Are you leveraging your Restaurant Sales Mix?
Restaurant Sales Mix is the foundation on which restaurant revenues are generated. While profitability concepts between a hotel and a restaurant are broadly similar, they are not the same. A restaurant’s profit model is different from a hotel’s in the sense that the former has to deal with higher direct variable costs per u it than the latter. The foundation of restaurant profitability can be found in its Sales Mix. What is a Sales Mix?
A Sales Mix is the combination of products and services that a restaurant offers. Note the word “combination.” It is not simply the total number of products or rather menu items to be specific that are in offer. It is how each menu item combines with others that is key. You may ask what the difference is between total number of menu items and combination of menu items. This will be explained shortly. However, before that, it is important to note the similarities between the hotel (predominantly rooms department) and restaurant profit model. Hotel room revenues are generated on the foundation of market segments while restaurants depend on sales mix for their revenues. In fact, in one department of restaurant revenues too, market segments play an important role.
Sales Mix is not merely the foundation of revenue generation but is also the fulcrum for restaurant profitability. In the parts 2 and 3 of this Restaurant Sales Mix post, we will examine how profitability is also significantly influenced by a well thought out sales mix which is in sync with customer expectations and tastes.
COMPONENTS OF SALES MIX
So, what are the components of a restaurant Sales Mix? There are three components – Menu item Mix, Meal Period Mix and Market Segments.
Menu Item Mix is the foundational component considering that a restaurant’s primary offering is about menu items. You could say that the menu item is the smallest product offered. This mix is thus about how many different combination of menu items that are on offer within a food and beverage category.
Meal Period Mix, while still dealing with menu items per se (other than the concept of Buffet), categorizes menu items based on different meal periods in a day. The most popular meal periods are breakfast, lunch, afternoon tea, dinner and supper. Each meal Period is at a different time of the day.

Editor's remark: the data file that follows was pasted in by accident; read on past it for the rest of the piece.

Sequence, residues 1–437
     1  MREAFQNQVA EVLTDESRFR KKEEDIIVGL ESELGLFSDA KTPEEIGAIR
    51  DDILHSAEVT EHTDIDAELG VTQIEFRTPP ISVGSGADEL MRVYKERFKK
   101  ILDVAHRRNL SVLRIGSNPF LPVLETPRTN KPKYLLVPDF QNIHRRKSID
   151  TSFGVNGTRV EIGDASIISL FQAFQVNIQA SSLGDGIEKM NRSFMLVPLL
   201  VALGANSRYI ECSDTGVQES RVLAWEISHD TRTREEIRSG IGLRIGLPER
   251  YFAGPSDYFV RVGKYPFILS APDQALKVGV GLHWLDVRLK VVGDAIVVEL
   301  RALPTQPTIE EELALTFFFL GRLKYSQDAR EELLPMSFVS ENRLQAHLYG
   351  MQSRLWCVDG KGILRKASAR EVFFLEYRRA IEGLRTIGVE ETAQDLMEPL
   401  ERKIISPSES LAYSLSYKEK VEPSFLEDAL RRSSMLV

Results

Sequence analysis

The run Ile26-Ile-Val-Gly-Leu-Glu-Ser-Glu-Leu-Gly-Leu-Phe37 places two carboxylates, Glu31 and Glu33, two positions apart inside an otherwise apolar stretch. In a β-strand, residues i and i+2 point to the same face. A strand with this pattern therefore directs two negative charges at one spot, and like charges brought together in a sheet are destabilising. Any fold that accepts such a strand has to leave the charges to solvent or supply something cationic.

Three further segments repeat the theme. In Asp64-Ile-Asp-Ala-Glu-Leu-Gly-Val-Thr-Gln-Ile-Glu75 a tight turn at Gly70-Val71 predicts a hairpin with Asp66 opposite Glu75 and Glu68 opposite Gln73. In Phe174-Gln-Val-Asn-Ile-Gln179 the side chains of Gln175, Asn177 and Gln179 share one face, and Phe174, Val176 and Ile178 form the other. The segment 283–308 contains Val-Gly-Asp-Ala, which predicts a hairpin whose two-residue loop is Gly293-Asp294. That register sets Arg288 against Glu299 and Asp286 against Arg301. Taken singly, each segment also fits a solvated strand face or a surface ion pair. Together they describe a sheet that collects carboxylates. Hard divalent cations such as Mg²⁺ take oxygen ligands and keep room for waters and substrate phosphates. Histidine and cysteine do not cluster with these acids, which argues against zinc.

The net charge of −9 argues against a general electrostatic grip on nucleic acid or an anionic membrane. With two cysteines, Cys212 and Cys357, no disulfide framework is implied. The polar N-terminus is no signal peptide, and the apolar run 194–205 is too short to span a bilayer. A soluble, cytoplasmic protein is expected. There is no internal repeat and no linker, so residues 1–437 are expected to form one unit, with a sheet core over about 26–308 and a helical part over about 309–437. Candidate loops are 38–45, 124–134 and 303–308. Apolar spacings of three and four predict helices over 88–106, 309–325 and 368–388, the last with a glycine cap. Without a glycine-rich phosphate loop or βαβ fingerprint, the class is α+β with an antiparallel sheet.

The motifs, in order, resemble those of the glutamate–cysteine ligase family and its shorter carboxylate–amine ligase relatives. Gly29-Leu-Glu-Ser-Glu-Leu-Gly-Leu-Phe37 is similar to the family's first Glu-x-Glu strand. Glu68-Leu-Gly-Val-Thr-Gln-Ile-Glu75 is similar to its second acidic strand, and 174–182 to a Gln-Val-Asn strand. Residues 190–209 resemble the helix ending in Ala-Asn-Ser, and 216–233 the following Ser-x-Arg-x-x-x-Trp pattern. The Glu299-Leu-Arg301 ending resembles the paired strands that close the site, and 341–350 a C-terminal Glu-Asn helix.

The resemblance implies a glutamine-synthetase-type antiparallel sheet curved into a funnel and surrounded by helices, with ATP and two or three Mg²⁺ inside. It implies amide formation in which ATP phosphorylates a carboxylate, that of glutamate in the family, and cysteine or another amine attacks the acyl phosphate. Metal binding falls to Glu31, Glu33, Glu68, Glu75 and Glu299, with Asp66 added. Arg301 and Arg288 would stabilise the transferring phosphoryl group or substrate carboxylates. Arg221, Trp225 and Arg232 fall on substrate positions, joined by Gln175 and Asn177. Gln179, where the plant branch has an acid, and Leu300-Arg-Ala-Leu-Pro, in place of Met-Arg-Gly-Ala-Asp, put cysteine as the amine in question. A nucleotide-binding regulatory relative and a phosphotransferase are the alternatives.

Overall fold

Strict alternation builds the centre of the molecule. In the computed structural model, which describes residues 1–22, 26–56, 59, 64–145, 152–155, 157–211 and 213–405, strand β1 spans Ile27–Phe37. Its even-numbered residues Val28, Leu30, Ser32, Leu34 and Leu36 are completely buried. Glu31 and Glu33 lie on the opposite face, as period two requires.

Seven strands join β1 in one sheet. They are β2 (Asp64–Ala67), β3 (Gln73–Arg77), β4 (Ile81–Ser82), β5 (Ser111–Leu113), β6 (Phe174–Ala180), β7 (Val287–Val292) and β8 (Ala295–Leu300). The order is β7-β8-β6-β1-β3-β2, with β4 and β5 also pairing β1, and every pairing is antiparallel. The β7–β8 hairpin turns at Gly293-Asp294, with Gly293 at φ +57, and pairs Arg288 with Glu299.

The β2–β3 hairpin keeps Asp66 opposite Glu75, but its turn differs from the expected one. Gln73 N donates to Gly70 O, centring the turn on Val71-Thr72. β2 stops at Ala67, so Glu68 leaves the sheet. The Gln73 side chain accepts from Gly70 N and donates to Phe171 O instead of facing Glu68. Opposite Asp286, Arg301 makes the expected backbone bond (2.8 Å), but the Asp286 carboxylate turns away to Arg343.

The third major component of Market Segments is mainly related to the Banquet or Catering function of a restaurant. It targets the profile of a catering customer into market segments like local group, local individual and so on. A restaurant may or may not have this component.
The primary purpose of the components of the Sales Mix is to classify menu items (the smallest offering) into various customer target profiles and use those profiles to tailor offerings. The profile of a customer coming in for breakfast is different from lunch and similarly for dinner.
One of the most critical elements of a restaurant revenue generation strategy is the Seat Capacity of the restaurant. Knowing the maximum number of seats in a restaurant is critical to keeping the restaurant full over different meal periods. Again, the seat capacity plays a different part for each meal period and more so if some of the meal periods have a buffet offering. Buffets are fully discussed in Part 2 of this Sales Mix post.
Seat Capacity plays a huge part in the profitability of a restaurant too. The current volume of covers served that is being achieved by a restaurant is always compared with the Seat Capacity. At the time of designing and conceptualizing the restaurant, it is very important that demand estimates be accurate. It may mean the difference between a largely empty restaurant (too high Seat Capacity) or one that is always full (too low Seat Capacity). This has repercussions for the stakeholder return in investment too.
Don’t forget to read Parts 2 and 3 of this Sales Mix post for powerful elements affecting the profitability of a restaurant.
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